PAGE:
Doctor Who – The Ultimate Adventure
|Doctor Who – The Ultimate Adventure|
Advertisement for the play during the time Jon Pertwee starred as the Doctor.
|Written by||Terrance Dicks|
|Date premiered||23 March 1989|
The play was staged at twenty theatres around Britain, commencing 23 March 1989. It initially starred Jon Pertwee (who had played the Third Doctor in the series) as the Doctor. On 29 April Pertwee was ill, so understudy David Banks, who portrayed the Cyber Leader in the series from Earthshock onwards, played the Doctor for the matinee and evening performances. Pertwee continued in the role until 3 June and two days later Colin Baker, who had played the Sixth Doctor, took over the lead until the run ended on 19 August. The play was adjusted accordingly to conform with the Sixth Doctor's persona.
The story involves an alliance between the Daleks and the Cybermen who have joined forces to kidnap the American Envoy and ruin a peace conference on Earth. The Doctor's companion is a Frenchman named Jason. After failing to stop the Cybermen from taking the US Envoy from a nightclub, they are joined by a singer named Crystal, who works there. Following a trip to Altair Three and then the Bar Galactica, they meet Madame Delilah but are forced to flee along with a small furry creature called Zog.
The time travellers are captured briefly by the Daleks and navigate their ship through an asteroid field before making a series of short trips, arriving finally to confront the Dalek Emperor. The Doctor tricks the Emperor into revealing that the Daleks intend to betray the Cybermen and a battle breaks out between the two. Returning to Earth, the Doctor realises the US Envoy is under Dalek influence and programmed to destroy London with a Dalekanium bomb. The Doctor breaks his conditioning and defuses the bomb by putting it in a teapot.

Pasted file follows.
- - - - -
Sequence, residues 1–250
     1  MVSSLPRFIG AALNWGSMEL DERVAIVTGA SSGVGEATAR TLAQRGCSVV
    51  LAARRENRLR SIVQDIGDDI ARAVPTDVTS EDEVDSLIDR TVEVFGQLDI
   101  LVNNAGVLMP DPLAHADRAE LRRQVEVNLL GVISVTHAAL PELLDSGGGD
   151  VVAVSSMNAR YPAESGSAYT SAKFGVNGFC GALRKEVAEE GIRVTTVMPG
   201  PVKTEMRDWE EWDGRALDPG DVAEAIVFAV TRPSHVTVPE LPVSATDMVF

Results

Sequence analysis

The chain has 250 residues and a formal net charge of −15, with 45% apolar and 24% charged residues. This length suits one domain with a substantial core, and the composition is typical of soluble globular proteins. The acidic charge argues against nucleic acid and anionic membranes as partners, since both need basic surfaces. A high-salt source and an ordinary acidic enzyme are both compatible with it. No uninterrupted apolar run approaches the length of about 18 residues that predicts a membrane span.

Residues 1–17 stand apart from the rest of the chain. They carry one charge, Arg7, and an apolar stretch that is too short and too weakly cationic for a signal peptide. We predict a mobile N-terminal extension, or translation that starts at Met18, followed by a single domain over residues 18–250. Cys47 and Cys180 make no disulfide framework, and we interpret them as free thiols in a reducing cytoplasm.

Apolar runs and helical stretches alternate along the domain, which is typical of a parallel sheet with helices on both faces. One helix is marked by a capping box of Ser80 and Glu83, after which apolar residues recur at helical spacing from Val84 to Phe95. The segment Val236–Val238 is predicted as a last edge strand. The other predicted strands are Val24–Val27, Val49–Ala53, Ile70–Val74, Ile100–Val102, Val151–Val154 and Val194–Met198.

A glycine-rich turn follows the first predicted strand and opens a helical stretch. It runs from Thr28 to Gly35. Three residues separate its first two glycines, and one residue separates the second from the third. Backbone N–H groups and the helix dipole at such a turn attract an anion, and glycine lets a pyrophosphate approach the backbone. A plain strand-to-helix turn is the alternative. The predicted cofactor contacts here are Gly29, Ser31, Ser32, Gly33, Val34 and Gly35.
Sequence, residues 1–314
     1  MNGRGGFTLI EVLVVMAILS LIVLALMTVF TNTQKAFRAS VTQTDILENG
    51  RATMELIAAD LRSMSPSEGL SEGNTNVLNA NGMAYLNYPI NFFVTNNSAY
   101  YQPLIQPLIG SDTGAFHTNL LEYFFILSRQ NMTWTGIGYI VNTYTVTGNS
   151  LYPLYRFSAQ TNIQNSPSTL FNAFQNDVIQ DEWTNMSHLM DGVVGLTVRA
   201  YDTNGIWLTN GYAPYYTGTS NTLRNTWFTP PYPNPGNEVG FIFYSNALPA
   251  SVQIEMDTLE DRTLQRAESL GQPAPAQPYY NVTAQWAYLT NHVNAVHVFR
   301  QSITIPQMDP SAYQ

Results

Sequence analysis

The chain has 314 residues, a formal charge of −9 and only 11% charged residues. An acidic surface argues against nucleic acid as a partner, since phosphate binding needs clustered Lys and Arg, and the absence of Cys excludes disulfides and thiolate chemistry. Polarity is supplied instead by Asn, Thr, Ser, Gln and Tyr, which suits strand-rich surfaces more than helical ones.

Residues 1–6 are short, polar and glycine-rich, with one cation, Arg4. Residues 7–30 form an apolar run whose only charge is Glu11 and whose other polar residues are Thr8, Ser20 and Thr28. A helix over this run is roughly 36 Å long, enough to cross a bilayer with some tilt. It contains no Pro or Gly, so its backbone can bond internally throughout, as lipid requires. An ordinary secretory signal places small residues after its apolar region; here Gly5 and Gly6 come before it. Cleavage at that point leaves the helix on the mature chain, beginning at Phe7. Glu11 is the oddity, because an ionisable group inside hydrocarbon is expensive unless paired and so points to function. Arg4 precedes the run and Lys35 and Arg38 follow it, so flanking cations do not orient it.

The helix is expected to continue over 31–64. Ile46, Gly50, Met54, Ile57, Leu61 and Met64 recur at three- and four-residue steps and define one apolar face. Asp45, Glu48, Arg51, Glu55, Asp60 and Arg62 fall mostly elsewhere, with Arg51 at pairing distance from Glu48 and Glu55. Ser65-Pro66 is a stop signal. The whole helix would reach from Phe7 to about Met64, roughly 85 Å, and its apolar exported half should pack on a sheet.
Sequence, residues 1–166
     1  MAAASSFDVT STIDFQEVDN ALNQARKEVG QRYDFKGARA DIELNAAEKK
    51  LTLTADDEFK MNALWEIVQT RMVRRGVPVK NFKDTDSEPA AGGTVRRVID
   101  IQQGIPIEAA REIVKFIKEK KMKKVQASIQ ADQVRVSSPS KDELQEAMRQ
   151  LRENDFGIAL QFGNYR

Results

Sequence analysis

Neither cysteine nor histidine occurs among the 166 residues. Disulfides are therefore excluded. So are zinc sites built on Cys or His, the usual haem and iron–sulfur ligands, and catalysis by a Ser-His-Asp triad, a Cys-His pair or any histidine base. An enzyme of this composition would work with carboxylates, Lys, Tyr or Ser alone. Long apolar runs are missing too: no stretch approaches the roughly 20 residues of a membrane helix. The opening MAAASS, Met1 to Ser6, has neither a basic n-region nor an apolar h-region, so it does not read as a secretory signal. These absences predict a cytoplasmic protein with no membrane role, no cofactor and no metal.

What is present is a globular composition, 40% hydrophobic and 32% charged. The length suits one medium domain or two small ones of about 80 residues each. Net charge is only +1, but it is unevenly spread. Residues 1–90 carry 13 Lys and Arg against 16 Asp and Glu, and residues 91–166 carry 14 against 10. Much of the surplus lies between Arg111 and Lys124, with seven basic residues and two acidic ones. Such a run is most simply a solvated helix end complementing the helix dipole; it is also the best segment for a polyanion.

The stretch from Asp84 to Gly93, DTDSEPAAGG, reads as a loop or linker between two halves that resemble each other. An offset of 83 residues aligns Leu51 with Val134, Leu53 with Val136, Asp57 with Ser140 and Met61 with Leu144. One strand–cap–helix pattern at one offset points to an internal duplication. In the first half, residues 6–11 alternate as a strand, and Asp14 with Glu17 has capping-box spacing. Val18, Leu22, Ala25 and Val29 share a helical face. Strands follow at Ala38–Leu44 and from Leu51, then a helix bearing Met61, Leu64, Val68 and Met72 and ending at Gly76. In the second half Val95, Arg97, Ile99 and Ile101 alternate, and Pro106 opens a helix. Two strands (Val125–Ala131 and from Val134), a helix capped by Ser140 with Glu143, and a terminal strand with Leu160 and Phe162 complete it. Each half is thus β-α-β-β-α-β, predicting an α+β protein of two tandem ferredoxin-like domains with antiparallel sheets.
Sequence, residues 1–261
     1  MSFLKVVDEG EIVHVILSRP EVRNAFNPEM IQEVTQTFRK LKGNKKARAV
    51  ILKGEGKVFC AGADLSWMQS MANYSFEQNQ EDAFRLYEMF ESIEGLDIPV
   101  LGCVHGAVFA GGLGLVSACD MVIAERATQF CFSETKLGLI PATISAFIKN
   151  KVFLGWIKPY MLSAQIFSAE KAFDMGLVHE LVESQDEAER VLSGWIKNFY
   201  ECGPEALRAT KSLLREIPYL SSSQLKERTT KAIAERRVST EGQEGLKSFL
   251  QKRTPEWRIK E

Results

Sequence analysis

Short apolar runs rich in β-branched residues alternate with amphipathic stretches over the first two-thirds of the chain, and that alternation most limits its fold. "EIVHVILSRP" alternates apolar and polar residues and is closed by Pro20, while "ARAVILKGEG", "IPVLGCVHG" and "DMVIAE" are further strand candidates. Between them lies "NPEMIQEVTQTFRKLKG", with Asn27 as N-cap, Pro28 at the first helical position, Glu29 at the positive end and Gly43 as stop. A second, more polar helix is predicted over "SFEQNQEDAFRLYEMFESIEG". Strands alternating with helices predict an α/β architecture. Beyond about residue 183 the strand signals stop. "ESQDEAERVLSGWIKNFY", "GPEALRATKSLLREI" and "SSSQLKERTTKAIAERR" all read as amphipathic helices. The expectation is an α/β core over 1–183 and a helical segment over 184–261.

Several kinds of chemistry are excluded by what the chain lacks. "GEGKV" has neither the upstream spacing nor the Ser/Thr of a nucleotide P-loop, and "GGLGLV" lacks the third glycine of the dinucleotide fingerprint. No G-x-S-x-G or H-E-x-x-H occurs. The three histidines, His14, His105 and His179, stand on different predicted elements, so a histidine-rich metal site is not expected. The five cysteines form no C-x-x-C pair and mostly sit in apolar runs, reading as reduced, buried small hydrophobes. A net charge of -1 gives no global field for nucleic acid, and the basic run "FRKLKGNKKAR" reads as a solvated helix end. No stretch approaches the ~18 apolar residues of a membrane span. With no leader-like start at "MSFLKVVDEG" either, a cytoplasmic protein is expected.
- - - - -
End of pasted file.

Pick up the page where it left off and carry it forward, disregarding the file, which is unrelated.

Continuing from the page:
The play featured a female Prime Minister named in the script 'Mrs. T' (a reference to Margaret Thatcher). The Third Doctor addresses her as Margaret in the play whilst the Sixth Doctor addresses her as Maggie. The Third Doctor also mentions Denis, a reference to Denis Thatcher, Margaret Thatcher's husband. The play also features some musical numbers, including two from Crystal and "Business is Business" from Madam Delilah, the title of which acted as a catchphrase running throughout the play.
- Jon Pertwee / David Banks / Colin Baker as The Doctor
- Graeme Smith as Jason
- David Bingham as Jason / MC / Vervoid / Dalek / Execution victim / French man
- Rebeca Thornhill as Crystal
- Judith Hibbert as Delilah / Mrs T / French woman
- David Banks as Karl
- Wolf Christian as Cyber Leader / Draconian / Duelling guard / Customer
- Troy Webb as Emperor Dalek / U.S. bodyguard / Dalek / Insect-Man / Martial arts mercenary / French man / Customer
- Chris Beaumont as U.S. Envoy / Dalek Scientist / Hairy alien / French man
- Claudia Kelly as Envoy's Wife / Ant-Person / Insect-Man / Ragamuffin / Customer
- Oliver Gray as MC / Dalek / Cyberman / Mercenary / Duelling guard / French man / Customer
- Stephanie Colburn as Zog / Bell Boy